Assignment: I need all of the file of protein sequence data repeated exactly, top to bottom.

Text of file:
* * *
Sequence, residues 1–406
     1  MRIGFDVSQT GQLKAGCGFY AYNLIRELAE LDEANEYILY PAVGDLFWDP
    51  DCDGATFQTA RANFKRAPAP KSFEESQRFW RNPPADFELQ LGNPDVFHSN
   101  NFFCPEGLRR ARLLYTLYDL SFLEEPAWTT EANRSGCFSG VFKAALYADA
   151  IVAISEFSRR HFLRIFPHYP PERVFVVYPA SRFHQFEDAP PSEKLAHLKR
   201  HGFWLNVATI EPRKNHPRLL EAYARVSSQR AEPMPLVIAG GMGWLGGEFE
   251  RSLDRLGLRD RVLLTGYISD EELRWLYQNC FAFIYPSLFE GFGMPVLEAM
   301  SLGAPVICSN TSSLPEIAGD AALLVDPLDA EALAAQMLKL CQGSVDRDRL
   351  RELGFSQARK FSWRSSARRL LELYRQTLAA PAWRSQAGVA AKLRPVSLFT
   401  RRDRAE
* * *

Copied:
Sequence, residues 1–406
     1  MRIGFDVSQT GQLKAGCGFY AYNLIRELAE LDEANEYILY PAVGDLFWDP
    51  DCDGATFQTA RANFKRAPAP KSFEESQRFW RNPPADFELQ LGNPDVFHSN
   101  NFFCPEGLRR ARLLYTLYDL SFLEEPAWTT EANRSGCFSG VFKAALYADA
   151  IVAISEFSRR HFLRIFPHYP PERVFVVYPA SRFHQFEDAP PSEKLAHLKR
   201  HGFWLNVATI EPRKNHPRLL EAYARVSSQR AEPMPLVIAG GMGWLGGEFE
   251  RSLDRLGLRD RVLLTGYISD EELRWLYQNC FAFIYPSLFE GFGMPVLEAM
   301  SLGAPVICSN TSSLPEIAGD AALLVDPLDA EALAAQMLKL CQGSVDRDRL
   351  RELGFSQARK FSWRSSARRL LELYRQTLAA PAWRSQAGVA AKLRPVSLFT
   401  RRDRAE